EMC Recoverpoint and XtremIO Part 3 – Come CG With Me

In this post we are going to configure a local consistency group within XtremIO, armed with our knowledge of the CG settings.  I want to configure one snap per hour for 48 hours, 48 max snaps.

Because I’m working with local protection, I have to have the full featured licensing (/EX) instead of the basic (/SE) that only covers remote protection.  Note: these licenses are different than normal /SE and /EX RP licenses!  If you have an existing VNX with standard /SE, then XtremIO with /SE won’t do anything for you!

I have also already configured the system itself, so I’ve presented the 3GB repository volume, configured RP, and added this XtremIO cluster into RP.

All that’s left now is to present storage and protect!  I’ve got a 100GB production LUN I want to protect.  I have actually already presented this LUN to ESX, created a datastore, and created a very important 80GB Eager Zero Thick VM on it.

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First thing’s first, I need to create a replica for my production LUN – this must be the exact same size as the production LUN, although again this is always my recommendation with RP anyway.  I also need to create some journal volumes as well.  Because this isn’t a distributed CG, I’ll be using the minimum 10GB sizing.  Lucky for us creating volumes on XtremIO is easy peasy.  Just a reminder – you must use 512 byte blocks instead of 4K, but you are likely using that already anyway due to lack of 4K support.

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Next I need to map the volume.  If you haven’t seen the new volume screen in XtremIO 4.0, it is a little different.  Honestly I kind of like the old one which was a bit more visual but I’m sure I’ll come to love this one too.  I select all 4 volumes and hit the Create/Modify Mapping button.  Side note: notice that even though this is an Eager Zero’d VM, there is only 7.1MB used on the volume highlighted below.  How?  At first I thought this was the inline deduplication, but XtremIO does a lot of cool things, and one neat thing it does is discard all ful-zero block writes coming into the box!  So EZTs don’t actually inflate your LUNs.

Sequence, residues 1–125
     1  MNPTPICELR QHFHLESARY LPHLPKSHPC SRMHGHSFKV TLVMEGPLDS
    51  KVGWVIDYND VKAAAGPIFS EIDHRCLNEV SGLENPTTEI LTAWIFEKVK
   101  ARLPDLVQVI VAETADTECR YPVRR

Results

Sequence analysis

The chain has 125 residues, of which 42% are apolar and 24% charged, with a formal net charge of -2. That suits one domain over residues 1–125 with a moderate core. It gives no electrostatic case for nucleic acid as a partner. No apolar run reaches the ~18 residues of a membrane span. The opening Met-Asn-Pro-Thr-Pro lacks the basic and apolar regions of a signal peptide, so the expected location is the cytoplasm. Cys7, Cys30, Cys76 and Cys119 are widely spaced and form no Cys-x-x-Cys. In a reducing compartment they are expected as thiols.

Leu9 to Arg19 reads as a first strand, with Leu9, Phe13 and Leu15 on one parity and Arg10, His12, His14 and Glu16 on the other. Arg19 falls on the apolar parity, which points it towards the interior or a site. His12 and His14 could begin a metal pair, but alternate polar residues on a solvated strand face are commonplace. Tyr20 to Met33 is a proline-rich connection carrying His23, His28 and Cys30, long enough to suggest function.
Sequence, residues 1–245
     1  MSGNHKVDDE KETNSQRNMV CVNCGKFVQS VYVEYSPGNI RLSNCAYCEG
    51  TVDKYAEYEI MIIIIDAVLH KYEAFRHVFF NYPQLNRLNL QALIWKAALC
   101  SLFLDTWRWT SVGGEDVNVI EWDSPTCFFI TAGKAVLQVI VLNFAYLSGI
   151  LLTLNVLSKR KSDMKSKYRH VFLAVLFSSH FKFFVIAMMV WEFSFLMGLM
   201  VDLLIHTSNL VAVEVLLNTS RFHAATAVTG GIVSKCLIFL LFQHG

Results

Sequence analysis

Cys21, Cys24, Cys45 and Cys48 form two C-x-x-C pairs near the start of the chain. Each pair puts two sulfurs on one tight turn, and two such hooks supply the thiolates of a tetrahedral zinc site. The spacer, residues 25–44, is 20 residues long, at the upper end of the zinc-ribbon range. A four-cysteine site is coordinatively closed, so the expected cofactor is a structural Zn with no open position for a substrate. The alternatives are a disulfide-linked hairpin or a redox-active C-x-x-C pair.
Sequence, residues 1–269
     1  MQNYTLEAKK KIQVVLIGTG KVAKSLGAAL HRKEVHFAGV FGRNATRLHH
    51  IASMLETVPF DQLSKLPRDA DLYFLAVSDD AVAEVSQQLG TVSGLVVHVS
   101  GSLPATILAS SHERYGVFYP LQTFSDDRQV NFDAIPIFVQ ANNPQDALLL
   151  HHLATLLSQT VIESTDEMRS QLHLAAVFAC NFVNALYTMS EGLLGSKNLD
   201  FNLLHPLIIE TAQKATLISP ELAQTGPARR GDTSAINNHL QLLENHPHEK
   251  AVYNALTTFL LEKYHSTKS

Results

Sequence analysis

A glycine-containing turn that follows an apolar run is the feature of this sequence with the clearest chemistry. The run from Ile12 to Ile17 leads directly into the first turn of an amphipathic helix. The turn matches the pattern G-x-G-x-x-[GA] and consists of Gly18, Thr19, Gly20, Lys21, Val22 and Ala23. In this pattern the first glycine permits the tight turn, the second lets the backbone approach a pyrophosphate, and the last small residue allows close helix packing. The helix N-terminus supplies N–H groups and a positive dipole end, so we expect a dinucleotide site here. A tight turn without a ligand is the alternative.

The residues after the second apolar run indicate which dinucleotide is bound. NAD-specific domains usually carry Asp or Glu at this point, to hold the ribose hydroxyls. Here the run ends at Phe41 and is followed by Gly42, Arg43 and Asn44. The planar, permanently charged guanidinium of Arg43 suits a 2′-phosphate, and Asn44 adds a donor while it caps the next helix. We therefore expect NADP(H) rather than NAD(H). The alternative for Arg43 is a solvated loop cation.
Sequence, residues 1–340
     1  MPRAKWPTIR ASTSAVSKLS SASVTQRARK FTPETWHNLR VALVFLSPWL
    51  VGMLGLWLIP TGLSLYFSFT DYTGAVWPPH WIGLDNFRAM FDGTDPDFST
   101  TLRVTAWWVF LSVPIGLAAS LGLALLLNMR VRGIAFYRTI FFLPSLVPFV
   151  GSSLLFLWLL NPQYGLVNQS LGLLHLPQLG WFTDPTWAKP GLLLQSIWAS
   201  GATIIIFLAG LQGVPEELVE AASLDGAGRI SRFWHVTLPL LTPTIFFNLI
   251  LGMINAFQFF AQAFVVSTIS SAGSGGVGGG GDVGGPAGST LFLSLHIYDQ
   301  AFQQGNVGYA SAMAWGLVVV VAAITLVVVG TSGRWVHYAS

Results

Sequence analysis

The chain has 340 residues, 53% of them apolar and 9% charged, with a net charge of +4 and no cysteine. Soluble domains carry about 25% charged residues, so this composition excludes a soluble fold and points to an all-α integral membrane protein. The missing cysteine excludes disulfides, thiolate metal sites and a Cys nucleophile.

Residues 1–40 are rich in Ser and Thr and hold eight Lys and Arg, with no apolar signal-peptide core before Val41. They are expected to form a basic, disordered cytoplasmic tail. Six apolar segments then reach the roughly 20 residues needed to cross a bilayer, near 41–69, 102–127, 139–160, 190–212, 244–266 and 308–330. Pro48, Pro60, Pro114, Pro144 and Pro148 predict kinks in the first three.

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Next I choose the Recoverpoint Initiator group (the one that has ALL my RP initiators in it) and map the volume.  LUN IDs have never really been that important when dealing with RP, although in remote protection it can be nice to try to keep the local and remote LUN IDs matching up.  Trying to make both host LUN IDs and RP LUN ID match up is a really painful process, especially in larger environments, for (IMO) no real benefit.  But if you want to take up that, I won’t stop you Sysyphus!

Notice I also get a warning because it recognizes that the Production LUN is already mapped to an existing ESX host.  That’s OK though, because I know with RP this is just fine.

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Alright now into Recoverpoint.  Just like always I go into Protection and choose Protect Volumes.

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These screens are going to look pretty familiar to you if you’ve used RP before.  On this one, for me typically CG Name = LUN name or something like it, Production name is ProdCopy or something similar, and then choose your RPA cluster.  Just like always, it is EXTREMELY important to choose the right source and destinations, especially with remote replication.  RP will happily replicate a bunch of nothing into your production LUN if you get it backwards!  I choose my prod LUN and then I hit modify policies.

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In modify policy, like normal I choose the Host OS (BTW I’ll happily buy a beer for anyone who can really tell me what this setting does…I always set it but have no idea what bearing it really has!) and now I set the maximum number of snaps.  This setting controls how many total snapshots the CG will maintain for the given copy.  If you haven’t worked with RP before this can be a little confusing because this setting is for the “production copy” and then we’ll set the same setting for the “replica copy.”  This allows you to have different settings in a failover situation, but most of the time I keep these identical to avoid confusion.  Anywho, we want 48 max snaps so that’s what I enter.